Shell, in its supplement, has identified two particularly significant ways in which these cities may evolve that will have an effect on global energy levels.
The first, termed “controlled urbanisation”, is when the population and GDP per capita increase rapidly, spurring development; this typically happens in underdeveloped urban centres that transition quickly into wealthy cities (either urban powerhouses or sprawling metropolises).
In this scenario, the city’s development may outpace the overall growth of its country, creating problems like a widening economic gap and uncontrolled migration from rural areas.
Stable governance is deemed vital to handle these issues for cities on this path.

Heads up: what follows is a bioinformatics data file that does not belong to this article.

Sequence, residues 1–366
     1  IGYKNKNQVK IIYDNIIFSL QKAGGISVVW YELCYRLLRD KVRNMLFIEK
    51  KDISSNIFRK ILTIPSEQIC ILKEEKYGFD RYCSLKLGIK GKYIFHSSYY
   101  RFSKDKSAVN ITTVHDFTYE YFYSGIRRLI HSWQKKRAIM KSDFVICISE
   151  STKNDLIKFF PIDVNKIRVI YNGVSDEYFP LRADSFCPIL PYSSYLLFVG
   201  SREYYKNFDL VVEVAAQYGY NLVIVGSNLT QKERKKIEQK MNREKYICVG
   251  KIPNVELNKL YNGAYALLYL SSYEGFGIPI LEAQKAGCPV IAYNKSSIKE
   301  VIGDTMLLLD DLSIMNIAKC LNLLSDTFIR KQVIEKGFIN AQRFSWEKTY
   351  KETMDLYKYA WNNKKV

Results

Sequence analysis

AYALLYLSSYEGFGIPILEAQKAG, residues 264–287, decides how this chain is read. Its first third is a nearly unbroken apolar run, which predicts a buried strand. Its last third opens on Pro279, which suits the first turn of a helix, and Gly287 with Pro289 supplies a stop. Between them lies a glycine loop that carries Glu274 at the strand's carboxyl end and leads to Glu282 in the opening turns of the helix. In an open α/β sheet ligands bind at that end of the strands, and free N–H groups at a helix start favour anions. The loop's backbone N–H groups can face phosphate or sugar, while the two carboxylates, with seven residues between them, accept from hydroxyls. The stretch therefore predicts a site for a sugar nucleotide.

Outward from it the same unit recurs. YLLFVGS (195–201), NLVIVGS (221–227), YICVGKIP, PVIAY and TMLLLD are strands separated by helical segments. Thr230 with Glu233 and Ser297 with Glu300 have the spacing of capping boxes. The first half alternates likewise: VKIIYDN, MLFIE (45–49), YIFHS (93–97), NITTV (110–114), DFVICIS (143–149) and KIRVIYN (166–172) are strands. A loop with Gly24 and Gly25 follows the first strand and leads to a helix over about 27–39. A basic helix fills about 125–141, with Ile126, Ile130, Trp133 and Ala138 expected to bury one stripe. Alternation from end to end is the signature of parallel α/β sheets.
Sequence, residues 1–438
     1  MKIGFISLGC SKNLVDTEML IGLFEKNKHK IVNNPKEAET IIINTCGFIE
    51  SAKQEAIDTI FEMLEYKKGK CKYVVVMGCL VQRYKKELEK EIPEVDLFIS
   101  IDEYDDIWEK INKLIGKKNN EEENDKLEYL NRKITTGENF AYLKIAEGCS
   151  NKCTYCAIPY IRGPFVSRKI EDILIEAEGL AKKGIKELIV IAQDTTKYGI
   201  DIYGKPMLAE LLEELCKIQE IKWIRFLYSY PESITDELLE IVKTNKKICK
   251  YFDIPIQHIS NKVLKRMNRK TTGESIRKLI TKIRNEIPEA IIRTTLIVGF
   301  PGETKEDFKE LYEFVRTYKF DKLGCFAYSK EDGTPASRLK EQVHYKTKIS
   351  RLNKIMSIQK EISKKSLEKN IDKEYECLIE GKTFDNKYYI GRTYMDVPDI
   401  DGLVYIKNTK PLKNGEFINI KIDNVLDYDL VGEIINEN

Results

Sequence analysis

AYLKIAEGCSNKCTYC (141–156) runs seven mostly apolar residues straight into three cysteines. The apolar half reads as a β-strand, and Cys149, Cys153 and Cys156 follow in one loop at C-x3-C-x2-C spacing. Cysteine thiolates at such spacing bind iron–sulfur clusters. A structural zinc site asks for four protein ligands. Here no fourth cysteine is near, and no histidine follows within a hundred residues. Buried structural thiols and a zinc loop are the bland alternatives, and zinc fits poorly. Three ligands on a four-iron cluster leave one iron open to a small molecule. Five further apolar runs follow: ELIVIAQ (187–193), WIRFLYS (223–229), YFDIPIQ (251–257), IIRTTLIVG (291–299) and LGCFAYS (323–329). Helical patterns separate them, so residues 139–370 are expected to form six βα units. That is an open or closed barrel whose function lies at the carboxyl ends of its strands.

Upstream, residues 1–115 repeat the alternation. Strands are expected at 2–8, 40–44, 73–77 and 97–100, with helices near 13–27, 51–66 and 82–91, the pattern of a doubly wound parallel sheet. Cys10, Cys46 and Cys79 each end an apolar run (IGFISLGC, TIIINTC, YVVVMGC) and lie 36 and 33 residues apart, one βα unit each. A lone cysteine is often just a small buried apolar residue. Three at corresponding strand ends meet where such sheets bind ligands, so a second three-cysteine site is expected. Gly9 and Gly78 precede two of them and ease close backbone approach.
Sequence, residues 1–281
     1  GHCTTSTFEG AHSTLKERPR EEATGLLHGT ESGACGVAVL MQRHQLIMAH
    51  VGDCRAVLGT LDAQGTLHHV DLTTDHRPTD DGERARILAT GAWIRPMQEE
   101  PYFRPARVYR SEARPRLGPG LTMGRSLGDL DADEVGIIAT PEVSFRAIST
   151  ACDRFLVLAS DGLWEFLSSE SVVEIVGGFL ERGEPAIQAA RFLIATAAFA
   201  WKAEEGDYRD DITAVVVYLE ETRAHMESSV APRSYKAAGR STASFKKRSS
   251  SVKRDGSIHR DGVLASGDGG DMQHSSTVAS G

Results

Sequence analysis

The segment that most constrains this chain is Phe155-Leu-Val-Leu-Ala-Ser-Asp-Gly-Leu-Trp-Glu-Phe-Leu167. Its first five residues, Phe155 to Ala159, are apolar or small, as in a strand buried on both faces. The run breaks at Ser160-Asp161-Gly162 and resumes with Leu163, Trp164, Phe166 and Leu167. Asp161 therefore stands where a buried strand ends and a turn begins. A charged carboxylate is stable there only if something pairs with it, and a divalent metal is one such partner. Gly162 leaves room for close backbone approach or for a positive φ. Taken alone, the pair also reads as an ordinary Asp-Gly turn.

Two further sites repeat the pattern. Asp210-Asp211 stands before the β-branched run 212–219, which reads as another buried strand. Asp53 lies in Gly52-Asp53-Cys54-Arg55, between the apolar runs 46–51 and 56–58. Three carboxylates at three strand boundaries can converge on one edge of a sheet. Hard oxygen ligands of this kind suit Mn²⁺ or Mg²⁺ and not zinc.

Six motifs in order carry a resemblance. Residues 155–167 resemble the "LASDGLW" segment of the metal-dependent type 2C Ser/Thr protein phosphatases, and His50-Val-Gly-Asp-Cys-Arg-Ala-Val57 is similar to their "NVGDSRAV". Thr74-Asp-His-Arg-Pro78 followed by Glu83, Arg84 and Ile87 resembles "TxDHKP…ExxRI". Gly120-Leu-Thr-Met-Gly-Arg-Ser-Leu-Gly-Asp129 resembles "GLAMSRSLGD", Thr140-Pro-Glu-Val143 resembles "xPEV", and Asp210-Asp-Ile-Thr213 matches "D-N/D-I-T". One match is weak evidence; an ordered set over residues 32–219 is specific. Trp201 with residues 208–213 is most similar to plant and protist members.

The second scenario, “late-stage growth”, describes a city that undergoes a similar population and GDP per capita growth, but at a later stage in its development, after it increases in size and has put in place extensive physical infrastructure.
These cities may struggle with energy efficiency, as retrofitting existing infrastructure can be both expensive and complex.
Meanwhile, economic migration may put further stress on the available systems.
To handle this type of urbanisation, the report identifies the effective enforcing of policy and laws as key, because city strength and stability are essential for economic growth.
Needless to say, planning is essential, not to mention having a holistic picture in mind, particularly at the decision-making level.
“Careful planning will help achieve a more efficient, integrated use of resources,” Thomas said.
“Urban design is at the heart of efforts to create resiliency in those systems and services that are essential to our future well-being and prosperity.”
For more on New Lenses On Future Cities, visit http://www.shell.com/futurecities